The coronavirus outbreak is possibly the worst pandemic most of us have witnessed in our lifetime, infecting over 2 million people so far and killing 184,263 of them. The reason why the virus is so deadly is because it is new and medical experts are still learning about how it affects the human body. So far, no drugs or vaccines seem to treat the virus, so doctors have resorted to treating its symptoms in OCIVD-19 positive patients instead.
Recently, doctors across the world and India started testing plasma therapy on patients, which involves transferring healthy plasma from a recovered COVID-19 patient to a critically ill one, and it has shown positive results so far. However, to truly defeat the virus and ensure the world is a safe place again, a vaccine is our best bet. Typically, a vaccine takes between one and two years to be tested and ready for the markets. However, scientists across the globe are working round the clock to get a vaccine ready soon, and going by recent progress, the first one is likely to be ready by September this year.
Though there are now around 150 development projects worldwide, the plans from Germany and UK are among only five clinical trials on humans which have been approved across the globe. A few weeks ago, Sarah Gilbert, professor of vaccinology at the University of Oxford, shared that the clinical trials for the vaccine would start at the university “quite soon”. Well, looks like that time has come, because clinical trials are officially set to begin in the UK today.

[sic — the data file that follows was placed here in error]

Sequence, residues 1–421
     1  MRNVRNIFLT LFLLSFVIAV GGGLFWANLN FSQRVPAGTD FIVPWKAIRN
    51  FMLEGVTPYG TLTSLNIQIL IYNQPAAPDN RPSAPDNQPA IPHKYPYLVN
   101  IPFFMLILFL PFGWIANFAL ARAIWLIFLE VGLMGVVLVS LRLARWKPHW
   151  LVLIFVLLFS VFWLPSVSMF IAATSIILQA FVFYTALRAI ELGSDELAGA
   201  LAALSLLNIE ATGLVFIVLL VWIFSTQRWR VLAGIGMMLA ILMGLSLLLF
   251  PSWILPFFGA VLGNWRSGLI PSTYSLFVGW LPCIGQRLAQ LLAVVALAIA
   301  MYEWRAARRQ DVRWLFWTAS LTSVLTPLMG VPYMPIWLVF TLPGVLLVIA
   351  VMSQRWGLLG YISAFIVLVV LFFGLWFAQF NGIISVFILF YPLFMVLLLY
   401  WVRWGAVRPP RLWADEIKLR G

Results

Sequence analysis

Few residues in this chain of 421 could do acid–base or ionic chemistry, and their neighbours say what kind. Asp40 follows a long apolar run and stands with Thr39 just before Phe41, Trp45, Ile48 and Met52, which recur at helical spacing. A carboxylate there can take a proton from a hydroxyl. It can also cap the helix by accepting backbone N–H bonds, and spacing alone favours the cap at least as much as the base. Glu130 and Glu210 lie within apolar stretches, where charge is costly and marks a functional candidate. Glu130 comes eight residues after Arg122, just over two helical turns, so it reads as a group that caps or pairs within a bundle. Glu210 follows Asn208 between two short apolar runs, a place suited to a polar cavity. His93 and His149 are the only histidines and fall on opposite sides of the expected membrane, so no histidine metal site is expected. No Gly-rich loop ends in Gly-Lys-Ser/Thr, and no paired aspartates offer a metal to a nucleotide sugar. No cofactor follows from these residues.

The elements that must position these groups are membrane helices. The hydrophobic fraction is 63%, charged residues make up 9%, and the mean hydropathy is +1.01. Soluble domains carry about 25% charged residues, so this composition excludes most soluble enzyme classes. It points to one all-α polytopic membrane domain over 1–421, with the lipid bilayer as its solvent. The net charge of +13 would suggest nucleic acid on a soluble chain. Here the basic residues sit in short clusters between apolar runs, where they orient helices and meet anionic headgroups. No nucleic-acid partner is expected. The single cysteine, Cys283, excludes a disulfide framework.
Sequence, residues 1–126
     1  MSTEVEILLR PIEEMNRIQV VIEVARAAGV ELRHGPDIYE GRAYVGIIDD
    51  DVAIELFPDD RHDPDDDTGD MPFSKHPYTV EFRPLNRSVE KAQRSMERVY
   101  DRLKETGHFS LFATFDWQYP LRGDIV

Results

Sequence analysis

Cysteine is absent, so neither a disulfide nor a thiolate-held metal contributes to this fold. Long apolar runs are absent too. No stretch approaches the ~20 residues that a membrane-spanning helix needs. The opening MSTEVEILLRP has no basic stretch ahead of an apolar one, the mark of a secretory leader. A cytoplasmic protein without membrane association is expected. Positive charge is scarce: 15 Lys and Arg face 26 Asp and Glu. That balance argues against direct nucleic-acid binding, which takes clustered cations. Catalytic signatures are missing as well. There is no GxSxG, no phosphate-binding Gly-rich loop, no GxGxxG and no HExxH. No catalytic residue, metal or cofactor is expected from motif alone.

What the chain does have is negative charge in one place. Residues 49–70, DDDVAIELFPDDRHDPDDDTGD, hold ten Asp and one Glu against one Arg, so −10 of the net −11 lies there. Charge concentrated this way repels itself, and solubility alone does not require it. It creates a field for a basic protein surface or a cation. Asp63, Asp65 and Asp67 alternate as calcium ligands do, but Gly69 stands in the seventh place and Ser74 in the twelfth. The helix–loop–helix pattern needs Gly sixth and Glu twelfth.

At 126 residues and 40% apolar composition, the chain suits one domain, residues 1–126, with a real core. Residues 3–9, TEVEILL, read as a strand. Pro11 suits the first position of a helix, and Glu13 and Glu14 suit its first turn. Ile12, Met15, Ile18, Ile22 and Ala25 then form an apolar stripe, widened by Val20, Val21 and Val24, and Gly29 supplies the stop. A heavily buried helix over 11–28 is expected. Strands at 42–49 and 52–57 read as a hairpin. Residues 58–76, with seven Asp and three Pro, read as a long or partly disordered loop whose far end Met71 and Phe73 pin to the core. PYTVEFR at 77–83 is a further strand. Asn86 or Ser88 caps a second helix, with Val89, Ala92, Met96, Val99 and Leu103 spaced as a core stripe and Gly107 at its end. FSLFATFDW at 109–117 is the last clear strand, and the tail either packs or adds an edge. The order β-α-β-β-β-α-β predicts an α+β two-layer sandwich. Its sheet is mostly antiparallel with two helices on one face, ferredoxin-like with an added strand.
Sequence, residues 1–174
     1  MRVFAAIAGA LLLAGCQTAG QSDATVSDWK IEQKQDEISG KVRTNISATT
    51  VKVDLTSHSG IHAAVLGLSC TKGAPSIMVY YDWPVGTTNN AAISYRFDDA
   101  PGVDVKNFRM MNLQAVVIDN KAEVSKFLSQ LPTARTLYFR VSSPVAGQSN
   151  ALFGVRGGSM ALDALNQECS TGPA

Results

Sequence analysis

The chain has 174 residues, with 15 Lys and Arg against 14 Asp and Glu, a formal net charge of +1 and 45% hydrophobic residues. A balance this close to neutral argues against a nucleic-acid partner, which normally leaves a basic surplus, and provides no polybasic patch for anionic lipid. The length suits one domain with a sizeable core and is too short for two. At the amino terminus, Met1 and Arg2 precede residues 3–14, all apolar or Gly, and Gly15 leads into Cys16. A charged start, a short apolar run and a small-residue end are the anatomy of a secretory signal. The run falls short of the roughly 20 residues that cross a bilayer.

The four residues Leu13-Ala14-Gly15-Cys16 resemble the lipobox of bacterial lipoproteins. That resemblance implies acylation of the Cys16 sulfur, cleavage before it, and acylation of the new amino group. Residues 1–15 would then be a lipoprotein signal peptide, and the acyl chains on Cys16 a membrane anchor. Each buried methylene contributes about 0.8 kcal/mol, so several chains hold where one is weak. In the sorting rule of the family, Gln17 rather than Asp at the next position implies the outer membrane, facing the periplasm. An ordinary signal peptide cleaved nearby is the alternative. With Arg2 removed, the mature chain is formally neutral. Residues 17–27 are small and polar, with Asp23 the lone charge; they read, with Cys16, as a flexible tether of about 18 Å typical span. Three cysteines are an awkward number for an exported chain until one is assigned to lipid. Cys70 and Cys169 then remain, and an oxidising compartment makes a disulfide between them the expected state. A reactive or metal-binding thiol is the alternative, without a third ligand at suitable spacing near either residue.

The trial in the UK will be conducted by Oxford University’s Jenner Institute and will involve 510 volunteers aged between 18 and 55 in the first phase. Professor Sarah Gilbert estimated that it has around an 80 percent chance of being successful. Isn't that music to our ears?
The institute aims to develop a million doses of the vaccine by September, so as to distribute it as quickly as possible after approval. The Oxford trial is part of a nationwide effort in the UK which since Friday has been spearheaded by a government task force.
Meanwhile, Germany is all set to begin trial runs for their vaccine 'soon'. In the first phase, the country will see “200 healthy volunteers aged between 18 and 55 years” vaccinated with variants of the vaccine, while the second phase could see the inclusion of volunteers who belonged to high-risk groups.
On Wednesday, Ugur Sahin, CEO of BioNtech (the company working on the vaccine in Germany) told a press conference that tests would begin “at the end of April”. He also added that the firm expected to have collected first data by “the end of June or beginning of July”.
Aside from BioNtech and Oxford, three other clinical trials on humans have been approved worldwide since mid-March, which includes developers from China and the United States. The government of China approved the first trial for a vaccine developed by the Academy of Military Medical Sciences and Hong Kong-listed biotech firm CanSino Bio on March 16. That same day, US drug developer Moderna said it had begun human tests for their vaccine with the US National Institutes of Health. Another US lab, San Diego-based Inovio Pharmaceuticals, began the first phase human trials on April 6.
Well, the news of clinical trials already beginning worldwide are giving us a lot of hope. With so many vaccines in development, a successful vaccine should reach us sooner than later. Until then, let's stay indoors to keep ourselves safe from the virus.
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